Risk of bias assessment
The Cochrane Collaboration’s tool for assessing the risk of bias was used to evaluate the quality of the included RCTs. In summary, we assessed the selection, performance, detection, attrition and other biases. The assessment was conducted independently by two researchers (Li Xinhe and Zhang Mingduo), and conflicts were resolved by discussion.
We predefined definite/probable stent thrombosis (ST) of the pooled (the longest follow-up period) analysis as the primary safety endpoint. Other safety clinical endpoints included definite ST, death by any cause, cardiac death and myocardial infarction (MI). Target lesion revascularization (TLR) and target vessel revascularization (TVR) were predefined efficacy endpoints. All endpoints were defined according to the Academic Research Consortium (ARC) guidelines. For each endpoint, we extracted the most inclusive definitions whenever possible; for example, all TVR instead of clinically or ischemia-driven TVR was extracted.
After the pooled analysis of BP-DESs and other stents, we performed our subgroup analysis using the following two classification methods: stent platform and follow-up time. Based on the stent platform classification, the case group (BP-DESs) was divided into two subgroups: BP-stainless DESs and BP-alloy DESs. The control group (other stents) were divided into three subgroups: other stainless DESs, other alloy DESs and BMSs. Based on the follow-up time point of DESs implantation, pooled (maximum length of follow up), short-term (within 30 days), mid-term (within 1 year) and long-term (beyond 1 year) safety and efficacy endpoints were assessed. Regarding ST, the ARC recommended temporal categories were evaluated: [early ST (within 30 days), late ST (>30 days-1 year), very late ST (>1 year but excluding data within 1 year), acute ST (within 24 h), subacute ST (>24 hours to 30 days)] and composite definitions [mid-term ST (within 1 year), long-term ST (beyond 1 year)]. Subgroup analyses were performed for each stent platform in the different time categories; for example, BP-stainless DESs were compared with other stainless DESs in pooled, short-term, mid-term and long-term analyses.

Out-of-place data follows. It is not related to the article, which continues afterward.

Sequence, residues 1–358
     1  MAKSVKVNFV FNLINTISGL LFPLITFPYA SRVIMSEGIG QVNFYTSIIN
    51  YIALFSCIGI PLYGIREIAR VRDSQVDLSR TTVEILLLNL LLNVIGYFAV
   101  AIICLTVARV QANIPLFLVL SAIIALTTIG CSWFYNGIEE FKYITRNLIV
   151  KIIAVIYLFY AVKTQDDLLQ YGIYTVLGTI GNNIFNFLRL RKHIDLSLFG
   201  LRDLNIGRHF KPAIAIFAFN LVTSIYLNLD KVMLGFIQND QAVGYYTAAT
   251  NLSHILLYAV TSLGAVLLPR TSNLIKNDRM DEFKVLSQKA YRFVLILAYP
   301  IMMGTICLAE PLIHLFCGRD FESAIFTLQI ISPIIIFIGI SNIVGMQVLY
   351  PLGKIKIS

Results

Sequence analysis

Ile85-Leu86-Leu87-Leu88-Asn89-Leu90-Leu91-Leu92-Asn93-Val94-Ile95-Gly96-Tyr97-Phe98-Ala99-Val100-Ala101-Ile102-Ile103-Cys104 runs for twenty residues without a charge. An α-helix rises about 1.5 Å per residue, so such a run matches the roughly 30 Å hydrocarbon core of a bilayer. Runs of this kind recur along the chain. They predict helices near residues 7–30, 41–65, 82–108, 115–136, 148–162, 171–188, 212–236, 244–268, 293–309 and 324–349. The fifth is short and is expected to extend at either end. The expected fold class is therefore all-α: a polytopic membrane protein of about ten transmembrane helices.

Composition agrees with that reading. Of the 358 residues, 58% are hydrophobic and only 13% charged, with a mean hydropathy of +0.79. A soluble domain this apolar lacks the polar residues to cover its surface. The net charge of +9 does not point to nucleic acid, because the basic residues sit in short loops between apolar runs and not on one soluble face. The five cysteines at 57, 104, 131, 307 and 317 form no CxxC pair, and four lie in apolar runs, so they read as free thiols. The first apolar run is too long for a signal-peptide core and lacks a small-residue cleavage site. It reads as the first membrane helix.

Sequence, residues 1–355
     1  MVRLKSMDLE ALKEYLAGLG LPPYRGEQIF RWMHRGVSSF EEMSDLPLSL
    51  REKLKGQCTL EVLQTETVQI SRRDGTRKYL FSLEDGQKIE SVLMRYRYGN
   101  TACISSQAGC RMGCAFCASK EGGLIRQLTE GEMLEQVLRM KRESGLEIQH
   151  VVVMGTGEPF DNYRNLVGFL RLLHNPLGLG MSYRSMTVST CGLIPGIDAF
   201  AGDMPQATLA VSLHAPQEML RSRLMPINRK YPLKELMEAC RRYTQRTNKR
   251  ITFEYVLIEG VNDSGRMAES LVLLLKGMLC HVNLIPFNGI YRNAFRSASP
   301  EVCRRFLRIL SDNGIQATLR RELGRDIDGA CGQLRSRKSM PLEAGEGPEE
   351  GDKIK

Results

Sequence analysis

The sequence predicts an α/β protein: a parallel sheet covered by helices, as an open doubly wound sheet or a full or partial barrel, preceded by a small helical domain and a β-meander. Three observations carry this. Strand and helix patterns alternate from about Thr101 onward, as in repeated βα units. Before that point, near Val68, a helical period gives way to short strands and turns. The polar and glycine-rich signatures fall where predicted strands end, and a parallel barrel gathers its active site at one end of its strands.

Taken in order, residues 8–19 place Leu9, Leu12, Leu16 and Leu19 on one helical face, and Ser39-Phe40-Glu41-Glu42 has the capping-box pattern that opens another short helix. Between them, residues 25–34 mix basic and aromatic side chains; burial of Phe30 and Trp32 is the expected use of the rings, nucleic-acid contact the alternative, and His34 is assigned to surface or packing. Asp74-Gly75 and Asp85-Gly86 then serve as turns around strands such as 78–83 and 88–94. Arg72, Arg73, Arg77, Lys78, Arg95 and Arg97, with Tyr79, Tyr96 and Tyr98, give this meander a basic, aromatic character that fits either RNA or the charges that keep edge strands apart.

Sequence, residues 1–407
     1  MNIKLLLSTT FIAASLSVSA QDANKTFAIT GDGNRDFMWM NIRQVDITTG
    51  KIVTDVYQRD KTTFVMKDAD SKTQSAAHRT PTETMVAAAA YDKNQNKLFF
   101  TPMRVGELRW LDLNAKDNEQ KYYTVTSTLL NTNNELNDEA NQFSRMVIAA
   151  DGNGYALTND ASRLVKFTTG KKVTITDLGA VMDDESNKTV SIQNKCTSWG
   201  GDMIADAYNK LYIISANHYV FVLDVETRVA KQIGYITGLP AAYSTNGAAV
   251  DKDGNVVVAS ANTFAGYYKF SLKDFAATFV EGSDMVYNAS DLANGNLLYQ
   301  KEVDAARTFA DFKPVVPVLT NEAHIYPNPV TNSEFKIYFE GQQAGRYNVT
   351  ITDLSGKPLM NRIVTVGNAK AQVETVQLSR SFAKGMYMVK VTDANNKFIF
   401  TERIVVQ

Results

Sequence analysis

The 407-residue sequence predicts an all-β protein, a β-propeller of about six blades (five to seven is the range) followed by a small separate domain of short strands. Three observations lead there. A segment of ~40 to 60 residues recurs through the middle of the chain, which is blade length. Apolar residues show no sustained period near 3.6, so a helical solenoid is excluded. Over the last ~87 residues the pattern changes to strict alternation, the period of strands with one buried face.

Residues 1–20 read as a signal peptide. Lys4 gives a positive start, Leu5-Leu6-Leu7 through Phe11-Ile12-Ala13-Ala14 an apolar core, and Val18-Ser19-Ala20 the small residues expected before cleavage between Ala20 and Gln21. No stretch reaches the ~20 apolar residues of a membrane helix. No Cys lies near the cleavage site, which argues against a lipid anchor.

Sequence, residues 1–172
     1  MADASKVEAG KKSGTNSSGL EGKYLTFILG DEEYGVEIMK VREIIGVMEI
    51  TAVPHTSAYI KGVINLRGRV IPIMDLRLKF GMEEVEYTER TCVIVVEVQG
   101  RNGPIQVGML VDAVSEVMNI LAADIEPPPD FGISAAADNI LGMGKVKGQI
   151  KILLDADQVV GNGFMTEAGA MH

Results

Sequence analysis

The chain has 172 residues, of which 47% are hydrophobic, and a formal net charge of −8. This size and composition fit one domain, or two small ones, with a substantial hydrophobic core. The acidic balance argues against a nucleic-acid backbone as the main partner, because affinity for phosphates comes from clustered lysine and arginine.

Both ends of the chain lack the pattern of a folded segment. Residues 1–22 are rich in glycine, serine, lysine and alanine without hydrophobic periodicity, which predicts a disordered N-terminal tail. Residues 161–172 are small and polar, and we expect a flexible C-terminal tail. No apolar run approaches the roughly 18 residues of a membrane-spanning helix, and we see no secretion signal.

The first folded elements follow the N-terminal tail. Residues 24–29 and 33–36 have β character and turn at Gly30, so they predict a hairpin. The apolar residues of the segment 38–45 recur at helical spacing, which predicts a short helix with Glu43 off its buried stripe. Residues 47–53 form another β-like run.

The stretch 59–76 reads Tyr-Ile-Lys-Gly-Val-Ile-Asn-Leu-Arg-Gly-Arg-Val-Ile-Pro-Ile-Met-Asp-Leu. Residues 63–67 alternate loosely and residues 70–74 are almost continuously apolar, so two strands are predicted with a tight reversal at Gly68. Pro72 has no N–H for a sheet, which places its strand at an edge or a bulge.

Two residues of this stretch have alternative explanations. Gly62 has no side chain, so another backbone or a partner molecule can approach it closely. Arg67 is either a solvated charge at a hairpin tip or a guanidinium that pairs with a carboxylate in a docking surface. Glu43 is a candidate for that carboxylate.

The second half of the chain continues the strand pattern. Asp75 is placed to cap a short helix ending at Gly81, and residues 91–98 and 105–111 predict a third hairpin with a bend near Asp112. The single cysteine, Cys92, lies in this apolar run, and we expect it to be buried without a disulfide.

Odds ratios (ORs) and 95% confidence intervals (CIs) were calculated for each endpoint. The Cochran Q statistic and the I2 test were used to evaluate the effects of heterogeneity. To minimize the effects of heterogeneity among the groups, we applied only a random-effect model using the method of DerSimonian & Laird. The sensitivity analysis was conducted in two ways. One method was performed by removing individual studies sequentially and examining whether the results changed. Another way was to examine whether the significance of pooled endpoints was altered when we excluded articles published in Chinese. A visual inspection of funnel plots was applied to assess publication bias. All statistical analyses were conducted using Review Manager (version 5.3). P values < 0.05 were considered statistically significant.
Fig 1 is a flow diagram of this meta-analysis. After removing duplicate reports, a total of 1173 relevant studies were identified. Finally, 40 clinical trials (49 studies) with 34850 patients were included in our analysis.
Study and patient characteristics
The key characteristics of the included trials are shown in S2 Table. One article was published in Chinese, and the other articles were published in English. Six trials presented in 10 articles had a three-arm design. The median follow-up period was 19.6 months, with a range of 6 months to 5 years. The duration of dual anti-platelet therapy (DAPT) ranged from 3 months to ≥12 months (3 months: 2 trials, 6 months: 14 trials, 12 months: 22 trials, unclear: 2 trials). Twenty-six trials compared BP-stainless DES with other stents (10 alloy DESs, 6 BMSs, and 14 stainless DESs, of which 10 were first-generation DESs). Sixteen trials compared BP-alloy DESs to other stents (3 stainless DESs, 9 alloy DESs, and 2 BMSs). The features of the included patients are described in S3 Table.